LONDON, Aug. 23 (Reuters) – Iran resumes fuel exports to Afghanistan a few days ago following a request from the new Afghan government, which feels empowered by the US withdrawal to buy the sanctioned nation’s oil more openly, an Iranian official said to Reuters.
The Sunni Muslim group seized power in Afghanistan last week as the United States and its allies withdrew troops after a 20-year war.
The price of gasoline in Afghanistan reached $ 900 per barrel. tons as many Afghans drove out of cities, fearing reprisals and a return to a harsh version of Islamic law introduced by the Taliban when they were in power two decades ago.
To counter the rise in prices, the new Taliban asked Shia Muslim Iran to keep its borders open to traders.
“The Taliban sent messages to Iran saying ‘you can continue exporting oil products’,” Hamid Hosseini, board member and spokesman for Iran’s Oil, Gas and Petrochemical Products Exporters’ Union, in Tehran, told Reuters.
The Taliban sent messages to Iranian traders and to an Iranian chamber of commerce that has close ties to the government.
As a result, the Islamic Republic of Iran’s Customs Administration (IRICA), which is part of the government, lifted a ban on fuel exports to Afghanistan, which had been in place since August 6, due to Iran’s concerns about the security of trade in the country.
These concerns have been alleviated by the Taliban’s stance, Hosseini said.
He also quoted the Taliban’s decision to cut tariffs on fuel imports from Iran and other neighboring countries and shared with Reuters an official document issued by the Islamic Emirate in Afghanistan – the name by which the Taliban refers to itself.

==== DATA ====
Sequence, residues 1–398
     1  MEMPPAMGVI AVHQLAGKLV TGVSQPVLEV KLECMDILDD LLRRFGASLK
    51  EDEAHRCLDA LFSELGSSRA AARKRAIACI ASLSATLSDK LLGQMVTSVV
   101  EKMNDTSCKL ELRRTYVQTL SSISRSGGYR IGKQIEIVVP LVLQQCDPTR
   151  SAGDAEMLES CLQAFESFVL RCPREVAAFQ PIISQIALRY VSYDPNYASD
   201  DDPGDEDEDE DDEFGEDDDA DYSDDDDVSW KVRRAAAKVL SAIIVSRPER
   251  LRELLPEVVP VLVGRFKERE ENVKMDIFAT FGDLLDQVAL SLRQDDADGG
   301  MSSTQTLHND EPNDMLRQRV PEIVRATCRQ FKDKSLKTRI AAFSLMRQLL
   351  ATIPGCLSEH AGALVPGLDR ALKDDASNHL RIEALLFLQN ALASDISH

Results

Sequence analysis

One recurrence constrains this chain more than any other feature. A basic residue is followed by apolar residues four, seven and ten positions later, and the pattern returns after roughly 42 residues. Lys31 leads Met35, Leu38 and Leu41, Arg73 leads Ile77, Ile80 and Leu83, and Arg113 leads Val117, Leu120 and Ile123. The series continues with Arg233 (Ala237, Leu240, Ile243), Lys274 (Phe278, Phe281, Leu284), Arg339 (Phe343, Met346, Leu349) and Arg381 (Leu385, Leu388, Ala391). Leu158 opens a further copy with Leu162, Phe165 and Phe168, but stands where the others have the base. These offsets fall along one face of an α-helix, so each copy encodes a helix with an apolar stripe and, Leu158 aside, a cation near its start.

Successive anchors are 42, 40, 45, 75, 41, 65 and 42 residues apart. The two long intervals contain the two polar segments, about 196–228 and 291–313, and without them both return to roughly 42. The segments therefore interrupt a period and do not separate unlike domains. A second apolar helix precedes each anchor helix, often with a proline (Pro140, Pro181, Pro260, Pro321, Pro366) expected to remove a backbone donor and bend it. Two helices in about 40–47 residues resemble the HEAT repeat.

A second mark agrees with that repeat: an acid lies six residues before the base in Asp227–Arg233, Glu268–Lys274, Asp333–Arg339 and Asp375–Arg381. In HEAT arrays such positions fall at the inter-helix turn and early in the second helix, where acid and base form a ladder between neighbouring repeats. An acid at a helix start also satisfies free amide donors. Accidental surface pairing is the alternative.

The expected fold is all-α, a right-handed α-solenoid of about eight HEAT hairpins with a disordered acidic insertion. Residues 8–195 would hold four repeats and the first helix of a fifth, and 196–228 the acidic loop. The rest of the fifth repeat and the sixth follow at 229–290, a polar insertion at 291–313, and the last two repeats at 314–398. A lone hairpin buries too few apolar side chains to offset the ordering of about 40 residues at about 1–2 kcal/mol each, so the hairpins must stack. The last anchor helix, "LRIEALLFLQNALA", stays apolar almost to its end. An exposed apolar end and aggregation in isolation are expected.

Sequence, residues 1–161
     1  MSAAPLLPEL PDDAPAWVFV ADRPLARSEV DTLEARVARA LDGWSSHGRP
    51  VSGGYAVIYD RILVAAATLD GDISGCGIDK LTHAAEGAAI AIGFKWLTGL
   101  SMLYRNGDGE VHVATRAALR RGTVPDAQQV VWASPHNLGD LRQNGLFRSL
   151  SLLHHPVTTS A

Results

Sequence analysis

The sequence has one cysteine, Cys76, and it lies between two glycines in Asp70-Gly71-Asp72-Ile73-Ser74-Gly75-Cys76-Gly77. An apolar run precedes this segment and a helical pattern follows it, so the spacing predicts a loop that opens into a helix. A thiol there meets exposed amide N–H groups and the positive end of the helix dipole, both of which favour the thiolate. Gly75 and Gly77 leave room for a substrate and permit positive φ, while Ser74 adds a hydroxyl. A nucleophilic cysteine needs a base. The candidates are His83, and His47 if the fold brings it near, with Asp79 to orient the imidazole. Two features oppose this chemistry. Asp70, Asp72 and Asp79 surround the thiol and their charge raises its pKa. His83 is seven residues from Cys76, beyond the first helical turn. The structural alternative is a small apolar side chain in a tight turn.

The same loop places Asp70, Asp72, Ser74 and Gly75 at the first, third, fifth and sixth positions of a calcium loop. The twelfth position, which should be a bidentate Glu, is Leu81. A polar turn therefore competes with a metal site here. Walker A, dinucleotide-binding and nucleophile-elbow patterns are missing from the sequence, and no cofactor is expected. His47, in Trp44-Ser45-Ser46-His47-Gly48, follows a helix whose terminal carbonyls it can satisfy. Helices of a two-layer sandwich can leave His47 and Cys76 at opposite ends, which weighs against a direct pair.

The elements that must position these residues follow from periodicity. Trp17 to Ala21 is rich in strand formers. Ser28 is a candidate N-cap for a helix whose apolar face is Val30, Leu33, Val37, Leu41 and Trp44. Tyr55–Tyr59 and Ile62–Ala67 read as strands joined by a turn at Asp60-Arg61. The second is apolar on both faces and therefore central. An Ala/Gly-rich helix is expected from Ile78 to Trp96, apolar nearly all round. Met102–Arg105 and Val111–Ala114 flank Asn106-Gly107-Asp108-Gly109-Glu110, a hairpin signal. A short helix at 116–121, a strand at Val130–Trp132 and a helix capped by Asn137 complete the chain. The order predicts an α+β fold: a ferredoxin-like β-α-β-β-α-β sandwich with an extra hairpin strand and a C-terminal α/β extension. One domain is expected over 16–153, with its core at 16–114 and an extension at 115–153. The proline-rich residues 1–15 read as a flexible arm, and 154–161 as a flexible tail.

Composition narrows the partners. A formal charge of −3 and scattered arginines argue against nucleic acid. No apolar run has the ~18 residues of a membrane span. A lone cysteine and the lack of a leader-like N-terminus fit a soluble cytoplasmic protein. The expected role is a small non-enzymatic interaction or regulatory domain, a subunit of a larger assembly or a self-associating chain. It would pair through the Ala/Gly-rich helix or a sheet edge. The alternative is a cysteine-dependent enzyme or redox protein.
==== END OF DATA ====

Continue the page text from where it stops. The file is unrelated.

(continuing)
The document specified a 70% rebate on customs duties on imports of petrol, diesel and LPG from neighboring countries to Afghanistan.
Iran sits on the world’s fourth largest oil reserves, but the latest round of US sanctions imposed by former US President Donald Trump in 2018 has significantly reduced Iranian oil exports.
Iran has nevertheless managed some trade, especially by transporting fuel to neighbors like Afghanistan, and the U.S. troop withdrawal has made leaders of both Iran and Afghanistan less nervous about acting more openly, Hosseini said.
The main Iranian exports to Afghanistan are gasoline and gasoline. Iran exported about 400,000 tons of fuel to its neighbor from May 2020 to May 2021, according to a report released by PetroView, an Iranian oil and gas research and consulting platform.
Iranian fuel flows have been crucial to Afghanistan for the past few years, according to traders and an Afghan government report, seen by Reuters.
Between March 2020 and March 2021, Iran accounted for $ 367 million of imports, mainly fuel, according to the report prepared by the Afghan Ministry of Finance, chambers of commerce and data from private companies.
The next two main oil suppliers are Turkmenistan and Uzbekistan with trade, mostly oil, worth $ 257 million and $ 236 million respectively.
A source with direct knowledge of the case, who asked not to be named, said more than 1 million tons a year, or over 20,000 barrels a day, of Iranian fuel goes to Afghanistan.
The main destinations for Iran’s fuel have been eastern provinces near the Iranian border, and southern regions such as Kandahar and Nimrooz, where the Taliban had a strong influence even before the advance of recent weeks, Hosseini said.
“I think the new Iranian government will significantly expand cooperation with the Taliban government. Iran can easily double its trade with Afghanistan. The government of (Ashraf) Ghani always tried to limit cooperation with Iran when Iran was under US sanctions, said Hosseini. .
Afghanistan has not developed its own oil industry. The country has six mini-refineries that only produce several thousand barrels a day with refined products each.
They run on light oil from Turkmenistan, whose two refineries also directly supply diesel and jet fuel.
Uzbekistan’s two main refineries also supply refined products by rail and truck.
The source of direct knowledge said that supplies of Turkmen condensate (light crude oil) had ceased a month ago due to the safety situation, but predicted that it would resume in about two weeks.
“The problem is that the banks stopped working three days ago so we can be back to bags of cash,” the source said.
Reporting by Bozorgmehr Sharafedin and Julia Payne in London; Edited by Edmund Blair and Barbara Lewis
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